In the summer of 2011, my wife Dana and I had a lot going on. For the previous 11 years, I had worked at our medical-staffing company, both as CEO and as a certified first assistant in cardiothoracic surgery. Hispanics for School Choice, the nonprofit I had formed to help Latino families in Milwaukee navigate their education options, was celebrating its second anniversary. And Dana, a pediatric nurse practitioner, had just decided to pursue a PhD at Marquette University. So when she suggested that I apply to become president of St. Anthony, our son’s school, I didn’t take her seriously. I was an entrepreneur, not an educator!
The priest at St. Anthony Parish had asked me to help him find a new president for the school. I had gotten to know him and St. Anthony School primarily through my efforts with Hispanics for School Choice. Since our nonprofit served the Latino community, it was natural for us to form an alliance with the largest Latino elementary school in Wisconsin. St. Anthony, with nearly 1,400 students at the time, was 99 percent Latino, and nearly all of its students qualified for free or reduced-price lunch. Only about a dozen students, including my child, attended the school without the support of a state-funded voucher.
We had been searching for a new president for several months when Dana repeated her earlier suggestion. “You really should be president,” she said. “You’re perfect for the job.” This time I took her seriously.
But how could I lead a school? I had no experience in education leadership. However, I did have a mentor who had always told me to listen to my wife, especially when it came to career moves, because “a wife like Dana will not lead you astray.” So I applied for the job, and the school hired me.
Founded in 1872, St. Anthony was a traditional Catholic school in most ways. Mass and Confession were offered every week, students wore uniforms, classrooms were orderly, the curriculum was classical, and the love for children was palpable. People at the school believed in educating the whole child: mind, body, and spirit. The previous president had successfully expanded the enrollment from 200 to 1,400 students in just over eight years, and the school was in the process of adding a high school. Keeping up with such rapid change was challenging for faculty and staff, but their students came from some of the most economically disadvantaged families in the state, and they did not see failure as an option.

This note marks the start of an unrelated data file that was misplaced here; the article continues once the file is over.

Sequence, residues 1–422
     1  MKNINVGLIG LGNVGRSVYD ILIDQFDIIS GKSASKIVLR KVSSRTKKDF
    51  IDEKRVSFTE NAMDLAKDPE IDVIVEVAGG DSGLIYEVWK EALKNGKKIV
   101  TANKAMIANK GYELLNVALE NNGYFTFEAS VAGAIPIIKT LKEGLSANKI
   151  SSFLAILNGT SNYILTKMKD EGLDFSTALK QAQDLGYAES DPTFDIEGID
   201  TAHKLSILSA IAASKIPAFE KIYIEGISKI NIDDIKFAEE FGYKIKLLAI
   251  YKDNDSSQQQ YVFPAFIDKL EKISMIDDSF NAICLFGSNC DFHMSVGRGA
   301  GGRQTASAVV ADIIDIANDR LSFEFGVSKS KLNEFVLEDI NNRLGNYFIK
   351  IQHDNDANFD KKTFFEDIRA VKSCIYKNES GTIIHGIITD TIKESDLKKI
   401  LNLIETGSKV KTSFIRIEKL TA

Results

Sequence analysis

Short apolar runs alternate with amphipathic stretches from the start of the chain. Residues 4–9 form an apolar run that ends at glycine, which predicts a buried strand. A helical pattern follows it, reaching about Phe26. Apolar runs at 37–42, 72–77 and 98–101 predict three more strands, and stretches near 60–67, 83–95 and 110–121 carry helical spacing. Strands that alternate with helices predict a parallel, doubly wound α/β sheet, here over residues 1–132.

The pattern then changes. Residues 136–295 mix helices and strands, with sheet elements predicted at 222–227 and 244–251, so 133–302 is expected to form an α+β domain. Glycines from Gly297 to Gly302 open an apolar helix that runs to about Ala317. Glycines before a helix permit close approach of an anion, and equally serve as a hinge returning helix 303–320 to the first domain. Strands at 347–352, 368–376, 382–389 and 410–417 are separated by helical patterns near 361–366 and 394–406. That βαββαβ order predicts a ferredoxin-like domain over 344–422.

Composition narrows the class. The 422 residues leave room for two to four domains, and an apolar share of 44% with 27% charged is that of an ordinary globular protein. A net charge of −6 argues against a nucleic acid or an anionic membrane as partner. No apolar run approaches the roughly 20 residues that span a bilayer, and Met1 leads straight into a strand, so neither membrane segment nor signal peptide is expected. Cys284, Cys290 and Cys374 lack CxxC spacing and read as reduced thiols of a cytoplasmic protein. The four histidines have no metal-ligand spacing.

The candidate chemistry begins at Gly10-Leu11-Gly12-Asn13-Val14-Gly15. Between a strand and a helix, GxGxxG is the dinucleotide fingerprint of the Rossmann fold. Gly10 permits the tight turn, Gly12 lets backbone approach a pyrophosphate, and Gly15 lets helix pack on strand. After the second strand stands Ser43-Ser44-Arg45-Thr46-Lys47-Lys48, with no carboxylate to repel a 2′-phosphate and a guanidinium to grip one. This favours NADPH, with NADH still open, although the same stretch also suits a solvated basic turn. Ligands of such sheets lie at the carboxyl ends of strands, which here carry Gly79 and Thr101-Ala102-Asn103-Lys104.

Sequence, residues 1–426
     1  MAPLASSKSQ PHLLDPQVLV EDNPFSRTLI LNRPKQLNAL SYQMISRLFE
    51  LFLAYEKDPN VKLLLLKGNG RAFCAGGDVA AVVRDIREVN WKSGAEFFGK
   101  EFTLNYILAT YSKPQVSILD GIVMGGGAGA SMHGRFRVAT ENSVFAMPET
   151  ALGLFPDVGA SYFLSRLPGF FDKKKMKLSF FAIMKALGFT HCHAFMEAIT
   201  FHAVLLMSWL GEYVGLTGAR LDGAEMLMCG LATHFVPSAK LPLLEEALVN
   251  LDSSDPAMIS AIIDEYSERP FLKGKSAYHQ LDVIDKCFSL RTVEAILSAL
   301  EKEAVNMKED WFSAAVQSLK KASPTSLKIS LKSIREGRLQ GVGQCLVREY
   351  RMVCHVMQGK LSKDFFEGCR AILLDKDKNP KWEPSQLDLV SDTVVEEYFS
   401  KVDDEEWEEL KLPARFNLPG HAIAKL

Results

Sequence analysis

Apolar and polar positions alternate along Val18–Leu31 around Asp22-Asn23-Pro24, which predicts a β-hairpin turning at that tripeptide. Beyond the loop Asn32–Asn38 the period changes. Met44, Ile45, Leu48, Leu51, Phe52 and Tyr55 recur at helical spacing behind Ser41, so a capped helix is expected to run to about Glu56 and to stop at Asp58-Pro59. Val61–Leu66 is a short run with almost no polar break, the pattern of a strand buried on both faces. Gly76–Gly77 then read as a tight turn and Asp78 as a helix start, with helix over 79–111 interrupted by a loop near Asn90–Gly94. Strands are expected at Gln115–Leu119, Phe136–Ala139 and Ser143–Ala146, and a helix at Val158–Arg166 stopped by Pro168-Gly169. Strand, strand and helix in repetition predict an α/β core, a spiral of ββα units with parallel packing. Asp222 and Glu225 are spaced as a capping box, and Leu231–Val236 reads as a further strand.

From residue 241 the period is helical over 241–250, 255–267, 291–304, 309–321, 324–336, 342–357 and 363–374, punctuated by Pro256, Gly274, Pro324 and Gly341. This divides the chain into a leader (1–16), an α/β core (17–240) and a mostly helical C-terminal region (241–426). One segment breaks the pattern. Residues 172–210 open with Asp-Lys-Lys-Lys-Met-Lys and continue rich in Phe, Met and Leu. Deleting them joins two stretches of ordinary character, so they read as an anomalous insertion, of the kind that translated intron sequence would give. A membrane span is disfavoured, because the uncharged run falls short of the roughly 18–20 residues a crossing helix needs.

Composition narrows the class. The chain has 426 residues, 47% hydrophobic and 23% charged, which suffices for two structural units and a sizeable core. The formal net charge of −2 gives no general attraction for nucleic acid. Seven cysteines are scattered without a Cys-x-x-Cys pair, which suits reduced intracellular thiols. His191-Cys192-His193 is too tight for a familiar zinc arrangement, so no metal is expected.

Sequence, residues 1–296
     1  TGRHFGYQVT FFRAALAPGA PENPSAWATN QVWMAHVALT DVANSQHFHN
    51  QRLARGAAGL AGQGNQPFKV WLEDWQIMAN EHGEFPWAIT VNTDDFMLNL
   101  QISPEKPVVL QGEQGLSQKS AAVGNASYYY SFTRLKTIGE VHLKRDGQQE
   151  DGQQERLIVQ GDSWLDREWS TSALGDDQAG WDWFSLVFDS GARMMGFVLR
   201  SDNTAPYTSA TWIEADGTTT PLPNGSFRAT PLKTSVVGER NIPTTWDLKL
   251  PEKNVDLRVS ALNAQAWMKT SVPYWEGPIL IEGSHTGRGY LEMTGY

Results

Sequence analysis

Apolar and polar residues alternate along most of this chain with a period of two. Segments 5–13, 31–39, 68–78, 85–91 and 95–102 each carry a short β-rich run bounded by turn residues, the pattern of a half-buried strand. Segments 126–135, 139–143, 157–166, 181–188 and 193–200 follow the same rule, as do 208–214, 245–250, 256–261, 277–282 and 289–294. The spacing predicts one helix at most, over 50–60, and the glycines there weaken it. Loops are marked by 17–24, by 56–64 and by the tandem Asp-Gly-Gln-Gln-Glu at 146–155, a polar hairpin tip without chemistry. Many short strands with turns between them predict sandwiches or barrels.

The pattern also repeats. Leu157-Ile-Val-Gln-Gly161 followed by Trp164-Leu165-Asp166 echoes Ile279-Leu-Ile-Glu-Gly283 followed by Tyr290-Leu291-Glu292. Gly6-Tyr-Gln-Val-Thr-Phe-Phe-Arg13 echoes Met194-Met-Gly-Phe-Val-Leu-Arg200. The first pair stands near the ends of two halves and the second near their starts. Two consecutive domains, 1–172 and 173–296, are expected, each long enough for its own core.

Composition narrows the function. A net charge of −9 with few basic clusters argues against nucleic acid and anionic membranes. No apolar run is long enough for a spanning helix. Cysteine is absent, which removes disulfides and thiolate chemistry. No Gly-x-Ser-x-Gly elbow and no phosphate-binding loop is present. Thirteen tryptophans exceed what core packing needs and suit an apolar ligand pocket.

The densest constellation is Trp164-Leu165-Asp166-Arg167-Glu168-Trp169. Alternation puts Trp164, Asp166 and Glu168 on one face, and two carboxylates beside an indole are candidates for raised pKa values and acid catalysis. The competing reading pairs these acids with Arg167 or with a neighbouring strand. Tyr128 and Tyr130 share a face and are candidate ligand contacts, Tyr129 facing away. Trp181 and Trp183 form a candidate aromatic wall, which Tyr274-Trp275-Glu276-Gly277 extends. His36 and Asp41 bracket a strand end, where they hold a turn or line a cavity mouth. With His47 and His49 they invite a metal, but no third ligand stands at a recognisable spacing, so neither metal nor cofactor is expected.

To my surprise, my entrepreneurial spirit served me well as I took over leadership of the school. Funding our programs was always a challenge. As an entrepreneur, I was able to step outside of the traditional ways of thinking in education and consider a range of fresh options for financing new initiatives. St. Anthony was able to add a pediatric health clinic, the nation’s first at an independent Catholic school, by utilizing BadgerCare, Wisconsin’s Medicaid program. Similarly, we tapped into funds from the state’s childcare subsidy system to support a new early-childhood program at the school.
Because the per-pupil voucher amount our students received from the state had not increased in more than five years, we had no reserves to fall back on, and no endowment. So when I initially proposed the new programs, it raised eyebrows. It wasn’t easy to convince our stakeholders to leverage our century-old buildings to secure a $500,000 loan to start the early-childhood component. My experience launching and sustaining multiple small businesses enabled me to walk our stakeholders through the process and help them understand the risks and potential rewards of our endeavor. It also gave the lender confidence that we understood how to run a business.
The risks paid off. Over the next three years, St. Anthony grew to more than 2,000 students, and test scores improved. More than 90 percent of the students in our first two graduating classes went on to college.
For me, deciding to leave St. Anthony was hard, but the need to move on to other projects is in an entrepreneur’s blood. I’m thankful to our students, families, and amazing staff for helping me realize my vocation and making our school a model of success. And above all, I learned my most valuable lesson—to listen to my wife.
Zeus Rodriguez is president of Rodriguez Corp and Hispanics for School Choice, both based in Phoenix, Arizona.
This article appeared in the Fall 2017 issue of Education Next. Suggested citation format:
Rodriguez, Z. (2017). Taking a Chance, Finding a New Path: An entrepreneur discovers his calling in education. Education Next, 17(4), 84.